Female ticks are the vampires, When embedded they look like warts or flat blackish-brown seeds which become swollen when filled with blood. While grooming puppy run your hands carefully over his body. If you find a tick, first saturate it with alcohol then grasp it close to the dog’s skin with tweezers and pull it out very carefully.
Make sure no part of the embedded head remains to cause an infection and spray puppy’s living quarters.
Mites: Too small to see but the signs of infestation are the same as for other pests frantic scratching or biting and chewing on the coat.
Mites are the most dangerous of all the skin pests because they introduce the unpleasant and serious skin disease called mange. Danger signs to watch for are small skin lesions, scabs, itching, inflammation, thickening of the skin, or extreme shedding of hair.
One variety, otodectic mange, affects the dog’s ears. Symptoms include discharge, carrying the head at a strange angle, and scratching or shaking the head.
Mange: Difficult to treat and impossible for the amateur to diagnose. The key to the cure is early treatment. Don’t delay if your dog has a puzzling skin irritation. Get him to the veterinarian.
This quick comb and brush treatment is part of common garden variety grooming designed to keep puppy’s coat clean and healthy. But there are some breeds that take more time and skill and in some cases professional help in their beauty treatments.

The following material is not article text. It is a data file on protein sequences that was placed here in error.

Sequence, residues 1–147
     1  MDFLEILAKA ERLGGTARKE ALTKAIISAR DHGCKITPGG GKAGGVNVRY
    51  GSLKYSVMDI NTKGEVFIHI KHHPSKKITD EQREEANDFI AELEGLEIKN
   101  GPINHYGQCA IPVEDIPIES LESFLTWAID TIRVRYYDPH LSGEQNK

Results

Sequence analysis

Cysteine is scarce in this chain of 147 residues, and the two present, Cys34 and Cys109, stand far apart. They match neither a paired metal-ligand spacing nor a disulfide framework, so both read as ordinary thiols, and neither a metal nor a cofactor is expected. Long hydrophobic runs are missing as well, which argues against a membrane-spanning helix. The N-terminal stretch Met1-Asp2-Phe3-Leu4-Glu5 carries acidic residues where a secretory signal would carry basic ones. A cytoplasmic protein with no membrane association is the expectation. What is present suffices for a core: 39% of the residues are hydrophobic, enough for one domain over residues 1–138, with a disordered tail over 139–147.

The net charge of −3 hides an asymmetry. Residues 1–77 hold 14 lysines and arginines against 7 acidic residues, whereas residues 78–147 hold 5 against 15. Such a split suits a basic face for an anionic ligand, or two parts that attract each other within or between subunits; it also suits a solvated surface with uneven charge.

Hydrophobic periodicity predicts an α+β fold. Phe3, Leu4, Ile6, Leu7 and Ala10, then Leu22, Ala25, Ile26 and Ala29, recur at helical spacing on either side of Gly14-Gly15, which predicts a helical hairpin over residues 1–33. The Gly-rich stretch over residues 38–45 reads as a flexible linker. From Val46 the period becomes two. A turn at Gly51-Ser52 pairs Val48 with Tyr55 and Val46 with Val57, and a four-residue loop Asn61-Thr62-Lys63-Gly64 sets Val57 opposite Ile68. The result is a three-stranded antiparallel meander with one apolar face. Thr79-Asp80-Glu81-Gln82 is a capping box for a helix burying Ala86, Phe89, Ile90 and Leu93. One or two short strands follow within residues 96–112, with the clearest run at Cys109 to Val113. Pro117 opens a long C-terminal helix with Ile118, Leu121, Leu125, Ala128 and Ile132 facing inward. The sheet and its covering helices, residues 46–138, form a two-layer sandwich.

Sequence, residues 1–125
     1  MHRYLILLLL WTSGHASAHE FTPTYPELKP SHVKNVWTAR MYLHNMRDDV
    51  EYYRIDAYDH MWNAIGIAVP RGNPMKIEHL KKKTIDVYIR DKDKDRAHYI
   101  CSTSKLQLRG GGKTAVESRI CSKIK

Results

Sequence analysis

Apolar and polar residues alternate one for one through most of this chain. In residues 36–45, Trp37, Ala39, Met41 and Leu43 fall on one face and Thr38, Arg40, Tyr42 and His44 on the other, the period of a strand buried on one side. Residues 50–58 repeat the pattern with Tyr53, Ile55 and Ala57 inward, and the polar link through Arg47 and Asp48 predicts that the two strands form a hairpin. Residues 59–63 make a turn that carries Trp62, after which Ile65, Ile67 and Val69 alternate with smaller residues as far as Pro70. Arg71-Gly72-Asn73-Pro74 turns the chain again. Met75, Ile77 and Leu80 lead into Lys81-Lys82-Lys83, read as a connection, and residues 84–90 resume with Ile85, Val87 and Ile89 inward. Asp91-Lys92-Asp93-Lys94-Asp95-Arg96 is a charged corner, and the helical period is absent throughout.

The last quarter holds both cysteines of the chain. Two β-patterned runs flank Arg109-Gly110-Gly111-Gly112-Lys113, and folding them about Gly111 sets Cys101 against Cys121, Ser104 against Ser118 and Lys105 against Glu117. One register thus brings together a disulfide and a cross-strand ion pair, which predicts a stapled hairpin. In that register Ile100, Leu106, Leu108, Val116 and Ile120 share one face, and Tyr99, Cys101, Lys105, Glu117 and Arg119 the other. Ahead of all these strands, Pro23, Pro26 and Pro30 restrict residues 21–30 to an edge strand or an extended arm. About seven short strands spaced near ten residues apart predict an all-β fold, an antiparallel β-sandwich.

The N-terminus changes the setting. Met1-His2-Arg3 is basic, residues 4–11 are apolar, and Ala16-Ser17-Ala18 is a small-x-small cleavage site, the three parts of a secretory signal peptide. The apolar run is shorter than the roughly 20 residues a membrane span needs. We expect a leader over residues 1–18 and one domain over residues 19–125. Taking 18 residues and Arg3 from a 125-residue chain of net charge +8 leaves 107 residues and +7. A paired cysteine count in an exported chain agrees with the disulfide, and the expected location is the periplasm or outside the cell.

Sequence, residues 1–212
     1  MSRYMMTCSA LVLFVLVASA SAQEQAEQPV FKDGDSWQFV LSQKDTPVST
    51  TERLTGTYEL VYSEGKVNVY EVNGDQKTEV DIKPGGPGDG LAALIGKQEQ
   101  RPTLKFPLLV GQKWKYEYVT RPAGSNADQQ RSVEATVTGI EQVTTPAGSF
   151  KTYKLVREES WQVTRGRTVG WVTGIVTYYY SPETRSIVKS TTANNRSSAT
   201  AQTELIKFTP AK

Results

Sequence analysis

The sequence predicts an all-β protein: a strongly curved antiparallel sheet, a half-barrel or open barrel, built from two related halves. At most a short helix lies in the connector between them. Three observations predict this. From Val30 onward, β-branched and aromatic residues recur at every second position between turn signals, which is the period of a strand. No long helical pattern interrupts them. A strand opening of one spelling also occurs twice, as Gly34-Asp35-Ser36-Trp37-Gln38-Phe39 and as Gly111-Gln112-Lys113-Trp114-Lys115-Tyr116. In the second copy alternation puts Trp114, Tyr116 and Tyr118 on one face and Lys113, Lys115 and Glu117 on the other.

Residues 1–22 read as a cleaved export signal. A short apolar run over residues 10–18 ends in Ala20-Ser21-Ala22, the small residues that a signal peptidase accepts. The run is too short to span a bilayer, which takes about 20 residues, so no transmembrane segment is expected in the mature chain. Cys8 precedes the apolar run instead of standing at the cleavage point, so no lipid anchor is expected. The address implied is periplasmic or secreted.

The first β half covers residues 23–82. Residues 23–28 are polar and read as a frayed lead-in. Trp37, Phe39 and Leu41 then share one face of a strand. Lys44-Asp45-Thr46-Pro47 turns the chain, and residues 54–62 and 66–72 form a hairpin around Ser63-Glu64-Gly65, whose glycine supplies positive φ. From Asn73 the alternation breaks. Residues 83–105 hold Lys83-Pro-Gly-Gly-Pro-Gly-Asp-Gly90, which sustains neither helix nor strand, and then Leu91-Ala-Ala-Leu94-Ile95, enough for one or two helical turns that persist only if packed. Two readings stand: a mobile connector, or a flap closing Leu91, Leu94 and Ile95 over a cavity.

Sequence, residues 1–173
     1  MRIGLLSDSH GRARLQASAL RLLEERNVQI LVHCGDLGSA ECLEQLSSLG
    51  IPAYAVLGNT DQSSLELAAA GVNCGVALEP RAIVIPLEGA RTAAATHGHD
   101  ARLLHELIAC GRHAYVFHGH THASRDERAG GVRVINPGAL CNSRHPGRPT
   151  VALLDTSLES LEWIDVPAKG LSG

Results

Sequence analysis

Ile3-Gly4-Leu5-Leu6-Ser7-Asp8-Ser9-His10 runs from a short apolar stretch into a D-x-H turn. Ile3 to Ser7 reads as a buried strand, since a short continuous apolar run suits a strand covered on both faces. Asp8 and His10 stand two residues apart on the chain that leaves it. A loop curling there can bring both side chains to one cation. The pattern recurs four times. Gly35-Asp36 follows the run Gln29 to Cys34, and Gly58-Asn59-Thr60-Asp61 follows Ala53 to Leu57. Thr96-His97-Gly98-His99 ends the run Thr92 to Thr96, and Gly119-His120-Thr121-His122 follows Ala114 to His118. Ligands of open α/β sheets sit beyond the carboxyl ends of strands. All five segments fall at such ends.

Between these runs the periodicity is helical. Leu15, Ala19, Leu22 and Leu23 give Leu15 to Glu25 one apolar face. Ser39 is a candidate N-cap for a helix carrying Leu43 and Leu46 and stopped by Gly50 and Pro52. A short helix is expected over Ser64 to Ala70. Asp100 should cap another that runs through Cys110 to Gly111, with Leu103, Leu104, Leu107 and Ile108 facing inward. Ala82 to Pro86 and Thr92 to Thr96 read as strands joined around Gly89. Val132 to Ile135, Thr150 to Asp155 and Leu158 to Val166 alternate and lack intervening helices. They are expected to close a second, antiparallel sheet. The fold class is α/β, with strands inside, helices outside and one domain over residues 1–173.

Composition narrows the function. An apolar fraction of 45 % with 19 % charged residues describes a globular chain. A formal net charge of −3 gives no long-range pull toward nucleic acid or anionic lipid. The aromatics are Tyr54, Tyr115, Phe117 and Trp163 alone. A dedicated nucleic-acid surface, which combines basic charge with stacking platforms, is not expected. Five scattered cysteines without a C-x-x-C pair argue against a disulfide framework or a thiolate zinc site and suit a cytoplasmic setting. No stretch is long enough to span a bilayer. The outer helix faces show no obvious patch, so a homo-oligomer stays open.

Any self-respecting Pomeranian, Pekinese, Lhasa Apso or Shih Tzu will expect to have his handsome fur brushed and brushed and brushed. The Yorkshire Terrier spends half his time having his long, silky coat primped to perfection.
Some of the wire-haired terriers have a much more spit-and-polish appearance if they get an occasional professional trim. And there’s always the Poodle! He can be clipped in as many styles as a topiary garden.
But the dog beauty parlor is not for a puppy – not quite yet. Meanwhile, get him used to the comb and brush. If he does turn to the professional later on, he’ll always need home grooming because even the dandiest dogs get dirty.
About the Author:
Imad LB is a huge animal lover and a passionate writer. He loves to write about dog behavior, health issues, dog tips, and advice. When he’s not working on his site Howpup.com, he’s out walking his two dogs.